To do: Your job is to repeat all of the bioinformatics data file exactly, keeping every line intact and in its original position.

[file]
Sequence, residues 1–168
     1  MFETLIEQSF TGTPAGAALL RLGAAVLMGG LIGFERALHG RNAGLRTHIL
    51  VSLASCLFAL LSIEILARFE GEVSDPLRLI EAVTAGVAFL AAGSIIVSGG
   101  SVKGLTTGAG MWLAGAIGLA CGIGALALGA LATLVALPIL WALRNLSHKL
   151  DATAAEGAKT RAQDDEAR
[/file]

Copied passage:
Sequence, residues 1–168
     1  MFETLIEQSF TGTPAGAALL RLGAAVLMGG LIGFERALHG RNAGLRTHIL
    51  VSLASCLFAL LSIEILARFE GEVSDPLRLI EAVTAGVAFL AAGSIIVSGG
   101  SVKGLTTGAG MWLAGAIGLA CGIGALALGA LATLVALPIL WALRNLSHKL
   151  DATAAEGAKT RAQDDEAR